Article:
Safety Best Practices In Manufacturing Moving Forward
In the course of changing nearly everything about the way we live and work, the COVID-19 pandemic has had an especially interesting effects on manufacturing. While the pandemic is certain to make a lasting impact, the short-term effects on manufacturers have been unpredictable and varied.
For example, some manufacturers experienced significant slowdowns in orders as workers and consumers remained at home to flatten the pandemic curve. Facilities that were forced to shut down completely were, of course, unable to engage in any production at all.
Other manufacturers experienced major short-term demand increases in critical-needs areas such as ventilators, testing equipment, masks and medical devices. Sectors like paper goods that saw increases while already operating at near-100% capacity were able to respond by temporarily diverting resources from lower-demand areas to those with higher demand.
Over the longer term, many of the safety precautions that have become part of everyday life during the pandemic – social distancing, a renewed focus on handwashing, masks, reduced capacity – will gain footholds as either permanent or “for the foreseeable future” safety best practices in manufacturing. Below, we’ll take a closer look at those practices and more.
Precautions to Prevent the Spread of COVID-19
Precautions that manufacturers will need to take – both in the short term and, in many cases, the long term, include:
- Social distancing: When encouraging employees to practice social distancing in manufacturing, consider ways to segregate/isolate certain portions of your facility so that issues arising in one area do not impact other areas. To promote social distancing, consider implementing the following:
- Add visual indicators at locations where many people are present, including the production floor and the break room, to illustrate how far apart to remain
- Limit face-to-face contact by using e-mail, web meetings, teleconferences, etc.
- Cancel or reschedule large meetings and gatherings or host via teleconference or webcast
- Stagger start/stop times for employee break and lunch periods to reduce the number of employees in an area at one time
- Designate seating locations for lunch, breaks, and meetings so that individuals are at least 6 feet (2 meters) apart
- Prohibit, restrict or control visitors and contractors from entering your facility
- Add temporary barriers between workstations that cannot be physically moved
- Enable contactless hand-off of paperwork, such as drop boxes or trays
- Adjust shift times to reduce congestion at time clock stations
- Limit the number of people who can be in the facility or any one space at a given time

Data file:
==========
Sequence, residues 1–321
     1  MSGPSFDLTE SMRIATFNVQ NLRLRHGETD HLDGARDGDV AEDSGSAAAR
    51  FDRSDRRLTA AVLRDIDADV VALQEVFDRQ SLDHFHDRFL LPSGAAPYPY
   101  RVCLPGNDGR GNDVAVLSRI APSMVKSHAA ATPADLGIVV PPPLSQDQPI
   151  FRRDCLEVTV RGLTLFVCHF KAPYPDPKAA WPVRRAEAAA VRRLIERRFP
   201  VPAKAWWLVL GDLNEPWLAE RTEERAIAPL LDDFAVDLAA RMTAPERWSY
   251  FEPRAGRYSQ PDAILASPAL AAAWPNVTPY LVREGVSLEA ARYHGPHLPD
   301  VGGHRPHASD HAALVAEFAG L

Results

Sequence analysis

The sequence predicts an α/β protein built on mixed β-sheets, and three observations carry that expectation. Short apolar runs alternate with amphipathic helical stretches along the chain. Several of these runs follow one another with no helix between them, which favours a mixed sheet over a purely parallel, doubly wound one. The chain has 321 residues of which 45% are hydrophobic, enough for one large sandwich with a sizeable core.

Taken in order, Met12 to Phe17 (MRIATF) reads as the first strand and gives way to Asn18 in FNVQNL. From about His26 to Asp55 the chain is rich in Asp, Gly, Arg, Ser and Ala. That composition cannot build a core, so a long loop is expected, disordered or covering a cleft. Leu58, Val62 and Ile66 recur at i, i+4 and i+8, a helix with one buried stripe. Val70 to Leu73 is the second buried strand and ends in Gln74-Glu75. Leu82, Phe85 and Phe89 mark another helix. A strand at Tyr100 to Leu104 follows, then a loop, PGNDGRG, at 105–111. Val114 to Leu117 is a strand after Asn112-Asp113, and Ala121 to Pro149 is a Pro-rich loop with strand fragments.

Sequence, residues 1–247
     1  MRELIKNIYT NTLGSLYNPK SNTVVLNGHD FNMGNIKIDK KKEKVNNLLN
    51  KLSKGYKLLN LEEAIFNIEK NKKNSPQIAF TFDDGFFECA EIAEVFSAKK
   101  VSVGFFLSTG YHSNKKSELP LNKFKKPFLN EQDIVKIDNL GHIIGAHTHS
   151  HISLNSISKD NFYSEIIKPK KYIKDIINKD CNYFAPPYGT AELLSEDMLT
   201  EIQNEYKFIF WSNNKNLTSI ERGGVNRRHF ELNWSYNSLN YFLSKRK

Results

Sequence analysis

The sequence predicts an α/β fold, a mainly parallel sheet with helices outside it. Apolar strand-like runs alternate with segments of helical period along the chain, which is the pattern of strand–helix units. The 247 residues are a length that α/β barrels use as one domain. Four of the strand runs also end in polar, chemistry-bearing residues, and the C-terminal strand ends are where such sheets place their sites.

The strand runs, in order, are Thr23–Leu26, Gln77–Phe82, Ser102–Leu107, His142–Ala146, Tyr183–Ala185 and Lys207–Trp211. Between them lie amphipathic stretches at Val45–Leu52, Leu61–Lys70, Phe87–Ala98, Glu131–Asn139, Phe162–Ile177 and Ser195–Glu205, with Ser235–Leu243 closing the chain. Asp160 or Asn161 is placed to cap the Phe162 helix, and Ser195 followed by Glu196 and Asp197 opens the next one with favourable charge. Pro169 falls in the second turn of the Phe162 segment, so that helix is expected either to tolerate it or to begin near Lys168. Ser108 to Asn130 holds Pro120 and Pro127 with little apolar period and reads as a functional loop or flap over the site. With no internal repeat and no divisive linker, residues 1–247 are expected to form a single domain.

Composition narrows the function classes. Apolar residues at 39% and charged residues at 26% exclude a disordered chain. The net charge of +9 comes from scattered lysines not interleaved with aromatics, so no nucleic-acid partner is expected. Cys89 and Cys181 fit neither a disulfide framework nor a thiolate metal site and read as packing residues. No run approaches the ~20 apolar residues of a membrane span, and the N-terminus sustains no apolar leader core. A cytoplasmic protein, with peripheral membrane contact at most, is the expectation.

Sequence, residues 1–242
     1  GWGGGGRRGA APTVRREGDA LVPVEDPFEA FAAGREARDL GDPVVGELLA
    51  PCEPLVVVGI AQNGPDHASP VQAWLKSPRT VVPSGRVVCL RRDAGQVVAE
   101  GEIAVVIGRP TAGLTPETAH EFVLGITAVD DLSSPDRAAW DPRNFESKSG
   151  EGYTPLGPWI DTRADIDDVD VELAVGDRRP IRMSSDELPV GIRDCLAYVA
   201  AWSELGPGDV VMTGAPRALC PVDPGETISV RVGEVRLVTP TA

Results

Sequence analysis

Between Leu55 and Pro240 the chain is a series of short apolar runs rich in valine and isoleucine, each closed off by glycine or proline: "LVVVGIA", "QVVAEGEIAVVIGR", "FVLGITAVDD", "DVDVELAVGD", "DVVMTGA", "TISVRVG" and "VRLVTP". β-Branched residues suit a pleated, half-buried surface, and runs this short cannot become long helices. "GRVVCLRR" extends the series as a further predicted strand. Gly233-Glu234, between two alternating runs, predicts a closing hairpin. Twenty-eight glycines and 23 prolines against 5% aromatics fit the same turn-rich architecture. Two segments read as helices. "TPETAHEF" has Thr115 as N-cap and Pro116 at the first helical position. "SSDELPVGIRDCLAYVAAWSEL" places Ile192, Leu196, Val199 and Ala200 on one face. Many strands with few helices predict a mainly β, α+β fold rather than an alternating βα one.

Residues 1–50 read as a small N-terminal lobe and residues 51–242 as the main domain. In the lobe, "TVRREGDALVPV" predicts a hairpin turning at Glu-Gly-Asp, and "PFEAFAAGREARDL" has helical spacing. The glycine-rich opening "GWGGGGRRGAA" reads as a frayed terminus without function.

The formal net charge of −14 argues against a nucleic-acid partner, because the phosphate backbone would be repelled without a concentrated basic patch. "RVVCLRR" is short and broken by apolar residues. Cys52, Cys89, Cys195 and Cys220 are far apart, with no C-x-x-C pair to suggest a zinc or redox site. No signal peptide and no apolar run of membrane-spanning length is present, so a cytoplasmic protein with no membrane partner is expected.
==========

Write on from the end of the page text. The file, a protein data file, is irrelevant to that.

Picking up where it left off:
- Cleaning and disinfection: Ensure you, your team, and your facility’s maintenance staff is properly disinfecting commonly touched surfaces such as doorknobs, tables, shared workstations, etc. with an EPA-approved disinfectant.
- Hand-washing etiquette: Encourage frequent hand washing. Provide hand sanitizer to use when hand washing stations are not available to use between hand washing.
- Symptom Screening: Pre-screen all contractors and visitors before entry into the facility. Employees should be screened before returning to work from leaves, vacations or holidays. Anyone that may have COVID-19 symptoms, potentially exposed to a person who currently is infected, or has been in an area of concern should not be allowed in the facility until they produce a negative test.
- Consider temperature monitoring before entry into the facility. Be sure that the method used to measure temperature is contactless
- Employees who develop symptoms or test positive for COVID-19 should not be allowed in the facility until they have quarantined as required by the CDC
- When you are notified an employee has tested positive for COVID-19, make a conscious effort to conduct “contact tracing” and identify co-workers who have had close contact with the infected individual
- Proper PPE: Many states and communities have made it mandatory to wear masks in public. the Centers for Disease Control states that masks may help prevent the spread of COVID-19. Whether you decide to make it mandatory at your plant or not, providing your employees with masks and other sources of PPE and sanitation supplies is a simple way to ensure they’re protected throughout the workday.
For more information on manufacturing safety best practices and how ATS can help support the your plant during these unpredictable times, contact us today.